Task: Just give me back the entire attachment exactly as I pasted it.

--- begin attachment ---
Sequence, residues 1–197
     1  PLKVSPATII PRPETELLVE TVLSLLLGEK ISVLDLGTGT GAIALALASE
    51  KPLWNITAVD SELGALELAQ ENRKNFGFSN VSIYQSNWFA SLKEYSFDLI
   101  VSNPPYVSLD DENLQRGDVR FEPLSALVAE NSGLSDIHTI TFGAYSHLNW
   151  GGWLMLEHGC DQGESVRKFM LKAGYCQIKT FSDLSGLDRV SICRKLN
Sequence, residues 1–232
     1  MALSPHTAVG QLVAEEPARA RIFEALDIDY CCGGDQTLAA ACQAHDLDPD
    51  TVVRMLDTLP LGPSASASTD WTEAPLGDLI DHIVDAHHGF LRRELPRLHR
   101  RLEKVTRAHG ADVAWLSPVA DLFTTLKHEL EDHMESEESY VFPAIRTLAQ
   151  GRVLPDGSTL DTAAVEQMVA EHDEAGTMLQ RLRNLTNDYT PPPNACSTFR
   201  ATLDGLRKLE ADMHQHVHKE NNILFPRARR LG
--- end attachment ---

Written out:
Sequence, residues 1–197
     1  PLKVSPATII PRPETELLVE TVLSLLLGEK ISVLDLGTGT GAIALALASE
    51  KPLWNITAVD SELGALELAQ ENRKNFGFSN VSIYQSNWFA SLKEYSFDLI
   101  VSNPPYVSLD DENLQRGDVR FEPLSALVAE NSGLSDIHTI TFGAYSHLNW
   151  GGWLMLEHGC DQGESVRKFM LKAGYCQIKT FSDLSGLDRV SICRKLN
Sequence, residues 1–232
     1  MALSPHTAVG QLVAEEPARA RIFEALDIDY CCGGDQTLAA ACQAHDLDPD
    51  TVVRMLDTLP LGPSASASTD WTEAPLGDLI DHIVDAHHGF LRRELPRLHR
   101  RLEKVTRAHG ADVAWLSPVA DLFTTLKHEL EDHMESEESY VFPAIRTLAQ
   151  GRVLPDGSTL DTAAVEQMVA EHDEAGTMLQ RLRNLTNDYT PPPNACSTFR
   201  ATLDGLRKLE ADMHQHVHKE NNILFPRARR LG